The ocean plays a central role in regulating the Earth’s climate. Oceans have a two-way relationship with weather and climate. The ocean tends to impact the weather, while changes in climate can alter many properties of the ocean.
Now more than ever, oceans are absorbing more heat due to greenhouse gases retaining more energy from the sun. This results in an increase in sea surface temperatures and rising sea levels, which will ultimately lead to changes in climate patterns around the world.
These changes will impact coastal communities the most. The ocean and coasts provide critical ecosystem advantages such as carbon storage, oxygen generation, food, and income generation.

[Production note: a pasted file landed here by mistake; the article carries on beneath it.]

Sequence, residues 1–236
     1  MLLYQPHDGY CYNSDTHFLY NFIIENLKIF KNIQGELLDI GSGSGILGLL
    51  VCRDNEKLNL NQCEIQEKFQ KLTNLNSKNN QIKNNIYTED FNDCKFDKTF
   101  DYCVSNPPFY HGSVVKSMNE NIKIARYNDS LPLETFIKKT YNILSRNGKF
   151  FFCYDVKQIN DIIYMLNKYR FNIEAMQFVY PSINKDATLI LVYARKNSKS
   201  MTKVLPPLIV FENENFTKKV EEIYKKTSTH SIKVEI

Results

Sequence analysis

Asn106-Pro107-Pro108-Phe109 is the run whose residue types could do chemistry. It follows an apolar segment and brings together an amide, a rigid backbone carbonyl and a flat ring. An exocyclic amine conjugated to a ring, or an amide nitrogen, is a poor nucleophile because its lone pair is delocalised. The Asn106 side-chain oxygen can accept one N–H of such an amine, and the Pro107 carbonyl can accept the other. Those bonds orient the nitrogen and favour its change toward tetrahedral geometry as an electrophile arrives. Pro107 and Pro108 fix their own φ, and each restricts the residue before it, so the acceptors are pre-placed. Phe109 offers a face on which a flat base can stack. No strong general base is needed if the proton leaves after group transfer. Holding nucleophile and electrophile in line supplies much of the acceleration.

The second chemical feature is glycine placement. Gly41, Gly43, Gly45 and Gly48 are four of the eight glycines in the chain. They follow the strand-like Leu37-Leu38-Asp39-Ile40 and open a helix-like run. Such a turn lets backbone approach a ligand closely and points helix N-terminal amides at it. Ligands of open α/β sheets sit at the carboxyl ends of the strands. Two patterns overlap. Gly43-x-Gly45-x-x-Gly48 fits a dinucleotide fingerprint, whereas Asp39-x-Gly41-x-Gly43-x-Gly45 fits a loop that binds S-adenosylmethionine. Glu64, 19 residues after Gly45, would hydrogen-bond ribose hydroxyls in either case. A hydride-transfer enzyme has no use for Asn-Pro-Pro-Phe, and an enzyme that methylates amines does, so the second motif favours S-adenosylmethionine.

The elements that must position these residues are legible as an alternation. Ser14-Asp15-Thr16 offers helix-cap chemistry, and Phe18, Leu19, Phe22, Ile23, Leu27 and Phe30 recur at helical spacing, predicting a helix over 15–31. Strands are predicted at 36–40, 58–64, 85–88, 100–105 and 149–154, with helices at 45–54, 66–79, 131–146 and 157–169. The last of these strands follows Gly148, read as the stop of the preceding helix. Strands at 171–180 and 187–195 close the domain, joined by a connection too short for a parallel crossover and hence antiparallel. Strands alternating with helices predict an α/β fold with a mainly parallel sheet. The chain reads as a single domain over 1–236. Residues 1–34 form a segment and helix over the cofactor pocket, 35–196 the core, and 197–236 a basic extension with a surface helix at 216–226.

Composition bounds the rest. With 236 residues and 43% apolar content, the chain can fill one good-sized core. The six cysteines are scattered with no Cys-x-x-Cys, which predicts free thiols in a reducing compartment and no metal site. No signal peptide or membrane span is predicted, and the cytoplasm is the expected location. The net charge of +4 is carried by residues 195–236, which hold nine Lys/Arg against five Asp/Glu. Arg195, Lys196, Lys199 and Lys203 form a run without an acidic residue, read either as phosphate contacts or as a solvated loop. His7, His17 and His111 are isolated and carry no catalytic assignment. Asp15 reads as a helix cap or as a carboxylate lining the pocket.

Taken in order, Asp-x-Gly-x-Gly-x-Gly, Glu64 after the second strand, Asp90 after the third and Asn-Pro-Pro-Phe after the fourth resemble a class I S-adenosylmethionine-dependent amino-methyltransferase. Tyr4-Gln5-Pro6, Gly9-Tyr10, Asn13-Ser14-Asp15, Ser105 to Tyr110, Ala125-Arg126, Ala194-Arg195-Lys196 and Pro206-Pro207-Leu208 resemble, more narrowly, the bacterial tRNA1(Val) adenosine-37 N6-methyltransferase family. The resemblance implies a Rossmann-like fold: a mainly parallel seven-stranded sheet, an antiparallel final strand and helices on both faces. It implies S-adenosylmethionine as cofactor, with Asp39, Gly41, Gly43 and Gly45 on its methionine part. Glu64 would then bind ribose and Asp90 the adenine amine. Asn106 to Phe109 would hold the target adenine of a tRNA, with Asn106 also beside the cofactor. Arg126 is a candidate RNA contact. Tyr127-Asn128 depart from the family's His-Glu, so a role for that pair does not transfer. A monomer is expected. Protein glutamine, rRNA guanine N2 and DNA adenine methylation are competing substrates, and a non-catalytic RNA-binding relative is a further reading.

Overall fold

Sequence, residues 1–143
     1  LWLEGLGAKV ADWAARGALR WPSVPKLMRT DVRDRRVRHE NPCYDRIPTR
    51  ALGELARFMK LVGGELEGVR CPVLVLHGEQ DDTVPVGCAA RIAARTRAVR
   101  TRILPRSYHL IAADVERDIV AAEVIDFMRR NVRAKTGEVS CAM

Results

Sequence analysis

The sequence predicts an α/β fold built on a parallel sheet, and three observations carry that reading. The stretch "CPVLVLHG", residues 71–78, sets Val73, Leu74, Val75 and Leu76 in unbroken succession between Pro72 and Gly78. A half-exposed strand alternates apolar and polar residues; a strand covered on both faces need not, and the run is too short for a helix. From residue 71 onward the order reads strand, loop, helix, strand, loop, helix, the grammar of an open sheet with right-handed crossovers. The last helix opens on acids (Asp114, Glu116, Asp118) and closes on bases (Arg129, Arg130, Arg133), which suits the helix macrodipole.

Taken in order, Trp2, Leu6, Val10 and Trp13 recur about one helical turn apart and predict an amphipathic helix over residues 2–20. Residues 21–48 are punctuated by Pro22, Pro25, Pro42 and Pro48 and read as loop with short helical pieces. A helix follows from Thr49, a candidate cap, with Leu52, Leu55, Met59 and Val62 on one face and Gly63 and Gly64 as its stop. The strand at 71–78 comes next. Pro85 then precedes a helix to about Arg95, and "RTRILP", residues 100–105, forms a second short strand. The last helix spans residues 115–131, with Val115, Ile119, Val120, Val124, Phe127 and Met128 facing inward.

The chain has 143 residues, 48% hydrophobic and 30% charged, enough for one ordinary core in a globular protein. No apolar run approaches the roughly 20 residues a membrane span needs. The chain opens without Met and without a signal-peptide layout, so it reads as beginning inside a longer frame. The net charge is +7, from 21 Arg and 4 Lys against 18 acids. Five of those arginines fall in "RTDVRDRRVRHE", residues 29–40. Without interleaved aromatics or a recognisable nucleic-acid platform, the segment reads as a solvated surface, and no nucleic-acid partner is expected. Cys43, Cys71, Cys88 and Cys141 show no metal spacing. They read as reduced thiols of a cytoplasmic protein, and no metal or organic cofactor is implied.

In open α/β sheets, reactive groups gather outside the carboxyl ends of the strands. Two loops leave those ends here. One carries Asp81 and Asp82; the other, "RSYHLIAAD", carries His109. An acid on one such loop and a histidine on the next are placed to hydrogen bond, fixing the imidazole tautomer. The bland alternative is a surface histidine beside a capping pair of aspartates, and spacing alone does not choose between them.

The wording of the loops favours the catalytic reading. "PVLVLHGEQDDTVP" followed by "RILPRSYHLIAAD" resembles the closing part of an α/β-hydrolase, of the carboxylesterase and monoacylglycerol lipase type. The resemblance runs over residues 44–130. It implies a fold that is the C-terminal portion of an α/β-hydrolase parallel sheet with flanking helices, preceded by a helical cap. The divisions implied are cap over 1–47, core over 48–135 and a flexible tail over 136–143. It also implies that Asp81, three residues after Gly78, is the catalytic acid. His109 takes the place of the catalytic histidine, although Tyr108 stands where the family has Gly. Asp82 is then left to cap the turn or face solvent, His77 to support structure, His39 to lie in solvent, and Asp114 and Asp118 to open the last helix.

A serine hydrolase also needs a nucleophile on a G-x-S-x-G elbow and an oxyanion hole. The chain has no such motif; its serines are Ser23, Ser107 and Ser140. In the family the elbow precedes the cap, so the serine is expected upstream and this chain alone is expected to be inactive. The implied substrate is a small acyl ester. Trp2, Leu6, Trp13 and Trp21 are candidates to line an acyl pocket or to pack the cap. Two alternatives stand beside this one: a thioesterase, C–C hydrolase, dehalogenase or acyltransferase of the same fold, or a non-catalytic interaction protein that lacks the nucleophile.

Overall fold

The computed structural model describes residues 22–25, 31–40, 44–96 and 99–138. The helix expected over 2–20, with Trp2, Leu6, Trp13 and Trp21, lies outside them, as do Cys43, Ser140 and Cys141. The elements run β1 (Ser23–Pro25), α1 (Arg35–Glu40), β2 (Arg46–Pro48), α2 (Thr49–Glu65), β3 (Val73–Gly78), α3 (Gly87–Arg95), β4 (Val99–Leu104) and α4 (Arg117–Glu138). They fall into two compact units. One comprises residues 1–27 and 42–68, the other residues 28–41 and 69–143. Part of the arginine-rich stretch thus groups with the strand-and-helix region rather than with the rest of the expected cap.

Increasing levels of dissolved carbon are making seawater more acidic. The increase in ocean acidity makes it more difficult for certain organisms, such as corals and shellfish, to build their skeletons and shells, which could significantly change ocean ecosystems’ productivity. In addition, coastal ecosystems such as mangroves, salt marshes, and seagrasses play a pivotal part in carbon storage and sequestration.
Ocean acidification can ultimately do much damage to our entire ecosystem, and we need to find ways to combat it. One way to prevent it is by acting on climate change and implementing solutions to reduce the drastic use of fossil fuels. If we reduce our global warming emissions, we could ultimately reduce the harm being done to our ecosystem.